Like you, the unexpected would happen. Two weeks ago, it was my almost 14 yr. old who decided to go outside and put water into the dogs’ bowls in her Sunday best when she knows good and well the dogs put their feet on her. She was such a mess she had to completely change clothes, making us late, of course. Or, her medical equipment would fail because she ignored the warning signs that it needed to be taken care of the day before.

    Or, someone would have a meltdown or behavioral issue, or, my oldest would be caught stealing – again and again and again…..

    The list goes on and on but the result is the same – Sundays were not a day of rest but of great stress before, during and after services. It was a change in daily routine that upset meal times, care times and brought up subjects my girls could not understand.

    I haven’t put it on my blog yet, but my oldest doesn’t live with us any more. She was the biggest reason we didn’t attend and since she’s been gone, we’ve been attending church again and it’s much easier, but still hard. Honestly, I push myself to do it for my youngest, who needs to be with her neuro-typical peers. My 13 yr. old loves the gospel and learning about Jesus and God and the Bible, but it’s hard for her to learn when it’s not presented at her level and taking into account the things that make it hard for her to understand what’s being said around her and, especially, the noise of so many people talking at once. My 16 yr. old just LOVES all the attention and monopolizes everything and anything she can and everyone just LOVES her enthusiasm and no one tries helping her learn what is more appropriate behavior and often sabotages my attempts by saying in front of her, “Oh, it’s okay, ” after I’ve said it’s not.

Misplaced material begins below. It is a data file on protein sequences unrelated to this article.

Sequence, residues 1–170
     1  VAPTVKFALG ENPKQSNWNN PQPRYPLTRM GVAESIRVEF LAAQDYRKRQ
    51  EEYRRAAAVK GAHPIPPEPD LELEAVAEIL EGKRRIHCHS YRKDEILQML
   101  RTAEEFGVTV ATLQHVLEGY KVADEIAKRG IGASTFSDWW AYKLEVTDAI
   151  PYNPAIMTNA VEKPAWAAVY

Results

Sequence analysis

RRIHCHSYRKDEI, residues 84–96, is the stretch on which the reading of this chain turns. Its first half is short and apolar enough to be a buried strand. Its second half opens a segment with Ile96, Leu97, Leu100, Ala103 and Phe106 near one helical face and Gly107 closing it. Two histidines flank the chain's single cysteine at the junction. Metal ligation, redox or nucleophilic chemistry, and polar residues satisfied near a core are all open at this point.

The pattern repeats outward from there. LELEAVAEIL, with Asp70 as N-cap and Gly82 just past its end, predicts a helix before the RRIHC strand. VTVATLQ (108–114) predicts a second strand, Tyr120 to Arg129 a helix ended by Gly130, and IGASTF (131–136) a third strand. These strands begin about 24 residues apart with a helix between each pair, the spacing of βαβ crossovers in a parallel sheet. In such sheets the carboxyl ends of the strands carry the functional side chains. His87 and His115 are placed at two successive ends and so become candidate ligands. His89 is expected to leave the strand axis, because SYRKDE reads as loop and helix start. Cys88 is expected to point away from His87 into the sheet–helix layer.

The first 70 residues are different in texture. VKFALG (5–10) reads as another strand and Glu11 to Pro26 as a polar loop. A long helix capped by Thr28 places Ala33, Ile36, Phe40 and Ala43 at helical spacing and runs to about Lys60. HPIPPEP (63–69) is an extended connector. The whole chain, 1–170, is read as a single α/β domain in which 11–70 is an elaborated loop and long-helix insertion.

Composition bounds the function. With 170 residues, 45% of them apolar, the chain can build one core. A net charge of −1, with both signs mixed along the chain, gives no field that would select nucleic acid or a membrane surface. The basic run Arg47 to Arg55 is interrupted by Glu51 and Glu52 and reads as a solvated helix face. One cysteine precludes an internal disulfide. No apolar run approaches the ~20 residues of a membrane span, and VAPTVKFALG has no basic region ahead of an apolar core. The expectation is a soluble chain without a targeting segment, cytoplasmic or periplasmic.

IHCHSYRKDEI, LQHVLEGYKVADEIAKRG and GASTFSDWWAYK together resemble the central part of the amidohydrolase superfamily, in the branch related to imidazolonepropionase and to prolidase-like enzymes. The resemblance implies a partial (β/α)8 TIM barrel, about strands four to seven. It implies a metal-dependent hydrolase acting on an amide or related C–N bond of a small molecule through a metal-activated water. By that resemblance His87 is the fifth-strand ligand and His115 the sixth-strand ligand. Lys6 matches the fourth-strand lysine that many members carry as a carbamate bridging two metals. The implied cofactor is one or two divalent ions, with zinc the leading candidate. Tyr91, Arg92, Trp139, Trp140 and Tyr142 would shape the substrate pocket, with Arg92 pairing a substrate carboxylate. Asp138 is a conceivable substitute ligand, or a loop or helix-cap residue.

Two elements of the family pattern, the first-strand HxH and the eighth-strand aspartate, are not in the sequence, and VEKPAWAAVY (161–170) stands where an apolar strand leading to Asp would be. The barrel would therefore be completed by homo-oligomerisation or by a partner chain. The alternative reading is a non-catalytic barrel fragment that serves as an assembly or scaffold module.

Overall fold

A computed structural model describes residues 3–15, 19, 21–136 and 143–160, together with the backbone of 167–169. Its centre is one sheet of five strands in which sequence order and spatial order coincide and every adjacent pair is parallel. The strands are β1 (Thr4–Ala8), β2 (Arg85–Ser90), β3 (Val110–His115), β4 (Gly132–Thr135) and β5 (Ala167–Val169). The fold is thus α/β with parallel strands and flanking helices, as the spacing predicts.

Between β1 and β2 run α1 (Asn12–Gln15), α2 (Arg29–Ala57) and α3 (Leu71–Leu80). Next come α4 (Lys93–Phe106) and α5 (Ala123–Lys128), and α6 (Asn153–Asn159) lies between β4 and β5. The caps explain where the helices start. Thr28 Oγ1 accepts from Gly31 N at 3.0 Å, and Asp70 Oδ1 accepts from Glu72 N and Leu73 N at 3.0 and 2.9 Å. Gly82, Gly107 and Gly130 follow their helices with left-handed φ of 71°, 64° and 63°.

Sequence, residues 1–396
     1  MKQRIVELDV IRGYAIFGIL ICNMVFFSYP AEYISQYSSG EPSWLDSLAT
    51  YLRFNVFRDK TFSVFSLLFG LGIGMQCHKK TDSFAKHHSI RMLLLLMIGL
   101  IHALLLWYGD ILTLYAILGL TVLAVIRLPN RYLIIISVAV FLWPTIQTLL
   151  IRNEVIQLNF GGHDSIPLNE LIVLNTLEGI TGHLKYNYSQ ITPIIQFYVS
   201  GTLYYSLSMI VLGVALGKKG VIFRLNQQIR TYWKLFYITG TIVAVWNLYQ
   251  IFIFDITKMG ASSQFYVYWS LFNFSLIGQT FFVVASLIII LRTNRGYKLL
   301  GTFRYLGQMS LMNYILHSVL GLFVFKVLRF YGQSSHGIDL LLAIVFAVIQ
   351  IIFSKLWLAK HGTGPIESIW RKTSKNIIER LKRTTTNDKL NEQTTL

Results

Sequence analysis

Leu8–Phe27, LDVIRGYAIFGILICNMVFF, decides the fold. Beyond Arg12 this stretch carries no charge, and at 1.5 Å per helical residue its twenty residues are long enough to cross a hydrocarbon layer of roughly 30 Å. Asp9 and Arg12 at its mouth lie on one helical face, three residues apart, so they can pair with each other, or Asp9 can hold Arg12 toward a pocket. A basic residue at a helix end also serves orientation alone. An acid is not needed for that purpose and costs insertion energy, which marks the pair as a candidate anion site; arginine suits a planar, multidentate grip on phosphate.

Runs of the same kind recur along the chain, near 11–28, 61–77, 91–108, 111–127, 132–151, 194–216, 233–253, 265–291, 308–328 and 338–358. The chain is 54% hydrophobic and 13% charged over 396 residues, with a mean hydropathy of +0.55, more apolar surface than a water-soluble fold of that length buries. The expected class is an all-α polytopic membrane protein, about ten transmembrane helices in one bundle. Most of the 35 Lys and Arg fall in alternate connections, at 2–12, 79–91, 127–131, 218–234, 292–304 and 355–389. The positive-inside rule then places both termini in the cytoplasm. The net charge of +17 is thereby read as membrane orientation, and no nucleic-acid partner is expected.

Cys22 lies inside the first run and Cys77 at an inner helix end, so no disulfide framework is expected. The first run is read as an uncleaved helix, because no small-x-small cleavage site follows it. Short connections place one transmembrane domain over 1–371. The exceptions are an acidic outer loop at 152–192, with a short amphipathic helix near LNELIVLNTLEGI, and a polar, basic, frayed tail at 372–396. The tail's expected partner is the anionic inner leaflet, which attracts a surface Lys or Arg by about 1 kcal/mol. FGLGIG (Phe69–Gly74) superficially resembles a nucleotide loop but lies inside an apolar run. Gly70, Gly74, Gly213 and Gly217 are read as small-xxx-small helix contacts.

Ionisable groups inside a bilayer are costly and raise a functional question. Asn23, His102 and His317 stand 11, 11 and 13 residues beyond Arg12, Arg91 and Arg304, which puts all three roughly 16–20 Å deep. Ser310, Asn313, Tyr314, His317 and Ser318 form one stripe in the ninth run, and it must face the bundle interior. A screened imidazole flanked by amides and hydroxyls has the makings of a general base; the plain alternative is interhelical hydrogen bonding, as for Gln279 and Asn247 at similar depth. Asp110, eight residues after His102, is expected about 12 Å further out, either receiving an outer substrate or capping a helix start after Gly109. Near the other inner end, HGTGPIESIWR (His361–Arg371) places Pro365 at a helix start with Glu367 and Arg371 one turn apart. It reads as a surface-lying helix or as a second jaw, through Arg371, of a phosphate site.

I believe in the gospel and the beliefs of my religion and I miss my old ward in my old city where I used to live every moment of every day and even more on Sundays.

    I have not been able to make any friends. Being single doesn’t help. Having kids who don’t do sports doesn’t help (in this town it’s all about sports), having kids with extra needs doesn’t help. Being new in town doesn’t help. I’ve put myself out there. I’ve extended invitations. Some people have offered to help, but it’s the wrong kind of help, the kind that sabotages my relationship with my kids or makes things harder – they want to bake cookies with my kids, take them out for treats, etc… The help we need isn’t to take my kids out for fun things, but to free me up so I can take them out for fun things. Bring us a meal, help with yard work, help open the mail, help teach a homeschool lesson, tell me you’ll pray for me this week, come over and have lunch with us, invite us to dinner at your house, meet us at a park, come swim with us in our pool (not your pool because my child might need some equipment adjusted and that needs to happen in our home). Definitely don’t ask why my kid has to stop swimming when I tell her, especially because she knows it and doesn’t mind – I’m not a bad or mean mom – but they think I am. They think I’m over-protective about germs – well yes, it’s a worry because I’m a single mom with kids with extra needs and if you think it’s hard when your kid gets sick, try being a mom to one of mine when they are sick and when two get it, it’s even harder because if my kids get sick, it takes a LOT out of them and they take longer to recover and we miss appointments and have to make them up and we might need extra appointments and risky medicines like antibiotics. Oh yes, taking antibiotics is very risky for one of my kids because she’s colonized with multiply resistant organisms, but I’m not going to run through her medical history with these people because it’s none of their darn business – they should just accept that I’m the mom and I know them best and know what’s best for them.